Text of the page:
As the UK moves into a new era of overseas trading relationships we reveal the risks and rewards and how you can protect your business when trading internationally. Here's a brief overview of the key issues at hand.
Overseas trade is an opportunity for almost any UK business. With 86 per cent of Department of International Trade (DIT) clients saying that exporting afforded them a level of growth not otherwise possible, it has clear benefits. With exporters also reporting a 34 per cent rise in productivity in the first year alone, the figures speak for themselves.
But every company must venture forth with its eyes wide open because there are risks attached to trading overseas. Understanding what is involved in mitigating overseas trade risk goes a long way to unlocking opportunities for growth. Help is at hand.
Across ten detailed sections, our Trading safely, smartly, successfully online brochure highlights the key risks and challenges inherent in exporting, but crucially provides ways of mitigating each of those risks.
The key to successful exporting
Before attempting to export, strong due diligence, at least equal to that applied to domestic trading partners, is required. Elements such as country risk, sanctions, embargoes and money laundering checks form a vital extra part of safeguarding new trading relations. Our guide confronts these issues before considering overseas bank account management and monitoring, and the selection of appropriate payments and online transfer mechanisms in the face of unfamiliar systems and procedures.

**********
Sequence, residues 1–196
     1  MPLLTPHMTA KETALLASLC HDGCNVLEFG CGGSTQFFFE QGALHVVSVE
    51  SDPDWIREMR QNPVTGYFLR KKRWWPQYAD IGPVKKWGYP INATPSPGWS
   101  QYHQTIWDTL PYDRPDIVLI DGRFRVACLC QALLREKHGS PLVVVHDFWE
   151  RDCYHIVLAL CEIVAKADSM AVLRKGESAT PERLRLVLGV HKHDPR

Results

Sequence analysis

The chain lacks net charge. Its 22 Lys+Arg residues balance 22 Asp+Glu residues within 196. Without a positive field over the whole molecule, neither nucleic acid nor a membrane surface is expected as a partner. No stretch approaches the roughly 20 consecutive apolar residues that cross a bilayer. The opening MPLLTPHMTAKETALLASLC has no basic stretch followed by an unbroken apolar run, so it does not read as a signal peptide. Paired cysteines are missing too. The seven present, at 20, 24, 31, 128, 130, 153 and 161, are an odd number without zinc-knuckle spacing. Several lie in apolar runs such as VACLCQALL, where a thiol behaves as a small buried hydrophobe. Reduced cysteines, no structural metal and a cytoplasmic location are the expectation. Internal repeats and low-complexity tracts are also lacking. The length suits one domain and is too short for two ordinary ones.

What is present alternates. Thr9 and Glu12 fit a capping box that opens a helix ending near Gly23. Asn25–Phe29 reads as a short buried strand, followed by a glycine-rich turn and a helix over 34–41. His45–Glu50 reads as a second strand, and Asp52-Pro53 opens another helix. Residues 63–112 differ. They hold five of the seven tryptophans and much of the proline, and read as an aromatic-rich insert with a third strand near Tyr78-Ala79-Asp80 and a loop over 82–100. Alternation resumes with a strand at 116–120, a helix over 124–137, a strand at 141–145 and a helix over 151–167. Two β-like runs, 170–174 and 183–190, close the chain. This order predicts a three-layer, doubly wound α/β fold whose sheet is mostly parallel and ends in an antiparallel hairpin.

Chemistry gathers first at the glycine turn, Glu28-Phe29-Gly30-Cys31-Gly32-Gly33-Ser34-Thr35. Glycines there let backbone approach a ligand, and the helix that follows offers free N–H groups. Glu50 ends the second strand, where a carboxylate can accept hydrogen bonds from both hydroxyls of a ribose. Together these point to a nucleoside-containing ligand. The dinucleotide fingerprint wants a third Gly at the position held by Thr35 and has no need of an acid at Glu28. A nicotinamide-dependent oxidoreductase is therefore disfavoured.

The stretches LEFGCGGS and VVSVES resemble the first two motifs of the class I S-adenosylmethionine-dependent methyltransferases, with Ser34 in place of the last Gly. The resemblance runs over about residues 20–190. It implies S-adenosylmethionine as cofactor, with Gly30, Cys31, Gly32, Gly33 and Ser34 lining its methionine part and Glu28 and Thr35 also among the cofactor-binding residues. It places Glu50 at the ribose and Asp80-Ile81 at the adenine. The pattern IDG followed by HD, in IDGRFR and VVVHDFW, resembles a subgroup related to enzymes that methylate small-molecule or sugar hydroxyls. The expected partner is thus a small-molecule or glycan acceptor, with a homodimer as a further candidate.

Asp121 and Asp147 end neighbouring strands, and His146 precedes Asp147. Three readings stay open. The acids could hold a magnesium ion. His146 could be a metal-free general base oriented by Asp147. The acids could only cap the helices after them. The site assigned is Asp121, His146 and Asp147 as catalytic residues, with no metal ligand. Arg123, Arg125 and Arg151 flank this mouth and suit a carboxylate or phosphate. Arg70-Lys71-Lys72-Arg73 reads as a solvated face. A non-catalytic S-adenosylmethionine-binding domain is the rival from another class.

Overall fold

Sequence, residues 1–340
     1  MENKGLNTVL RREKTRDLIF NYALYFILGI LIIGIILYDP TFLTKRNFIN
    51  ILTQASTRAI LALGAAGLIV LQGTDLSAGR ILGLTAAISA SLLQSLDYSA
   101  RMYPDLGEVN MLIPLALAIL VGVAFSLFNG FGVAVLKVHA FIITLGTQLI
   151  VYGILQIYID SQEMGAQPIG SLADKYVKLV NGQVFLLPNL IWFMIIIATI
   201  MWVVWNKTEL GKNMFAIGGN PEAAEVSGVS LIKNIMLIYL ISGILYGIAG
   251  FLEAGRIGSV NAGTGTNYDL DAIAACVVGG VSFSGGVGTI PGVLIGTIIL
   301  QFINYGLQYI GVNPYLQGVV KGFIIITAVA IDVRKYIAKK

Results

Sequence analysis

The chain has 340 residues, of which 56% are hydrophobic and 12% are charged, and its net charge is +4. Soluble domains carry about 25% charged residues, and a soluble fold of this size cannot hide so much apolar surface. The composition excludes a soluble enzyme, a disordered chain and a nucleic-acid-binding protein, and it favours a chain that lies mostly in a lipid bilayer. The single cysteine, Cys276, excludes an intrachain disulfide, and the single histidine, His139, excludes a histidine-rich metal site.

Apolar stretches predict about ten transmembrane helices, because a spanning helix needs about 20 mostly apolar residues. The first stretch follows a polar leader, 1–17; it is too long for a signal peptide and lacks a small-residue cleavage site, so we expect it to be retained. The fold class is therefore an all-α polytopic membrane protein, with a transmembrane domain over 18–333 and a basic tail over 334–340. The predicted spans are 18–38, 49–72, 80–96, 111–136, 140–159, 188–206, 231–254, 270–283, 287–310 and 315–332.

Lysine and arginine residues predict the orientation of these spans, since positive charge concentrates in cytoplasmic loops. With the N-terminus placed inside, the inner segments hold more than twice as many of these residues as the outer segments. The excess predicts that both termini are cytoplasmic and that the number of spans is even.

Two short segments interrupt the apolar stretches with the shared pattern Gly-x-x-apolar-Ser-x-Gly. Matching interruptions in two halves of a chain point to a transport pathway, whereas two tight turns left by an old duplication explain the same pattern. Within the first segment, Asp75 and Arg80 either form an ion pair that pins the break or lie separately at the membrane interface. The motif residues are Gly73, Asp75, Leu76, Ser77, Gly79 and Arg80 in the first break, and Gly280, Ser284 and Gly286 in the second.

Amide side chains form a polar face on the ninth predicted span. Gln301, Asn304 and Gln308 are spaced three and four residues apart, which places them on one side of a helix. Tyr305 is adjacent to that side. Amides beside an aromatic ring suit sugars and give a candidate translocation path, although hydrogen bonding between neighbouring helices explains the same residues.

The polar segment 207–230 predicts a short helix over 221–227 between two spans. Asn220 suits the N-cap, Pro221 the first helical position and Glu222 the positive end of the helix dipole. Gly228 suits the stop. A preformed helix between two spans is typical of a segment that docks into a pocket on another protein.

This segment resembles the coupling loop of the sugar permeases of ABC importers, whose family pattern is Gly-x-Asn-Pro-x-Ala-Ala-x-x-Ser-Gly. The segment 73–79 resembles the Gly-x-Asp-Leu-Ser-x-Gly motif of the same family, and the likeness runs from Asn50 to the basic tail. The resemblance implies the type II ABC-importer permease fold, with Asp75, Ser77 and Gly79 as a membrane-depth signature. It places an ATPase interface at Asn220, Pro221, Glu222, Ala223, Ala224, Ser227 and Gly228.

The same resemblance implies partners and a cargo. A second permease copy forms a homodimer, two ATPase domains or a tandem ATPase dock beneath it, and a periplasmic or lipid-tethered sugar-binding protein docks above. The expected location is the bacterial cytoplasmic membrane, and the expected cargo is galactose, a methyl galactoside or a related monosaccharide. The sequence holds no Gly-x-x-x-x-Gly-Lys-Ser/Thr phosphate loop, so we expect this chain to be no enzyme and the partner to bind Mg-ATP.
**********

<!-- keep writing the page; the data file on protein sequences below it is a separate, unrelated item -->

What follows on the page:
One of the key risks of international trade – currency fluctuations – can be mitigated through the use of hedging instruments and Trading safely, smartly, successfully also shows how it is possible to harness opportunities where exchange volatility exists, building an effective FX strategy that can create competitive advantage.
Of course, to minimise the risk of costly delays and contractual disputes, international trading demands effective management of documentation, such as Letters of Credit and Bills of Lading. But documentary requirements can vary significantly by both country and importer; accurate preparation of trade documentation is accorded its own section within our guide.
Trade documentation goes hand-in-hand with transportation but reputation as a trusted exporter may be damaged if the logistics process is not similarly subject to strong management. Understanding and mitigating those risks is tackled within Trading safely, smartly, successfully.